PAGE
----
Carbon dioxide accumulation in the atmosphere as the result of fossil fuel emissions and land use change (especially tropical deforestation) threatens to cause global warming and climatic change. One means of reducing the increase in atmospheric carbon dioxide is through its capture by photosynthesis and storage (sequestration) in soil. The quantities of carbon that can be sequestered during the next century are enough to offset two or three decades' worth of carbon emissions at the current rate. The book deals with four issues that must be addressed before soil carbon sequestration programs can be implemented on a large scale: new science, monitoring and verification, the soil carbon sequestration/desertification linkage, and policy and implementation issues. Contents include - Science Needs and New Technology for Soil Carbon Sequestration - Monitoring and Verifying Soil Organic Carbon Sequestration - Desertification Control to Sequester C and Mitigate the Greenhouse Effect - Soil Carbon: Policy and Economics - Science Needs and New Technologies - Monitoring and Verifying - Desertification
Since carbon sequestration in soils reduces the amount of carbon available to the atmosphere, the Kyoto Protocols have heightened interest in soil carbon pools and their effect on carbon fluxes. Assessment Methods for Soil Carbon addresses many of the questions related to the measurement, monitoring, and verification of organic and inorganic carbon in soils. The major topics covered are: carbon pools; soil sampling and preparation, analytical techniques for soil carbon; soil erosion and sedimentation; remote sensing, GIS and modeling; procedures for scaling carbon data from point and local measurements to regional and even national scales; and economic and policy issues. In Assessment Methods for Soil Carbon, leading researchers show that we now have the ability to measure, monitor, and verify changes to soil carbon. The book establishes the need for standardized methods that can be used by anyone, and helps us better understand the link between the pedosphere (soils) and the atmosphere. It also shows the importance of developing links between the economics of carbon sequestration and the amounts sequestered, and highlights the need for scientists and policy makers to interact to ensure that policies fit within the scope of present technologies.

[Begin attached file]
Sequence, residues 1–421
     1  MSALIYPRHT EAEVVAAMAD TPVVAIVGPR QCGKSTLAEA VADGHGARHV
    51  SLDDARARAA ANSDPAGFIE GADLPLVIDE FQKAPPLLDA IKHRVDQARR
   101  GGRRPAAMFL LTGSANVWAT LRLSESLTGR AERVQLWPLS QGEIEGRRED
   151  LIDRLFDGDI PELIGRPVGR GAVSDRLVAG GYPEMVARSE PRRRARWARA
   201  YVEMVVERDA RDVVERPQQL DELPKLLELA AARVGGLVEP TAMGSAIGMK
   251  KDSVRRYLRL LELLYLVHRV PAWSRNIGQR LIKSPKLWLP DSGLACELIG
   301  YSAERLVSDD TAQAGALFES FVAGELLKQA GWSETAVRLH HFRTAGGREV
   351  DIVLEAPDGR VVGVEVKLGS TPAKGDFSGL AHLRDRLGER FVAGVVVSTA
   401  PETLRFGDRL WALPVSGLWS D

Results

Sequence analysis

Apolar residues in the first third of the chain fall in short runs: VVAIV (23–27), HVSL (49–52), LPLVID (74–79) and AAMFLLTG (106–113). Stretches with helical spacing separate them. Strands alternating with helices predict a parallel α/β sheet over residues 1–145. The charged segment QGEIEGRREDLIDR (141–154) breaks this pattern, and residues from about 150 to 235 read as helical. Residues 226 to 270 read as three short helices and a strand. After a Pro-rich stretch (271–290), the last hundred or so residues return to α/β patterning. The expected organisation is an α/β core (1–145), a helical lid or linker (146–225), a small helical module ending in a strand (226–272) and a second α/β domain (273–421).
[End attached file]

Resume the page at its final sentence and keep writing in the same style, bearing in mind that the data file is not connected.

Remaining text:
The publication was launched at the Global Symposium on Soil Organic Carbon (GSOC) held at FAO headquarters (Rome, 21-23 March 2017). It provides an overview to decision-makers and practitioners of the main scientific facts and information regarding the current knowledge and knowledge gaps on Soil Organic Carbon. It highlights how better information and good practices may be implemented to support ending hunger, adapting to and mitigating climate change and achieving overall sustainable development.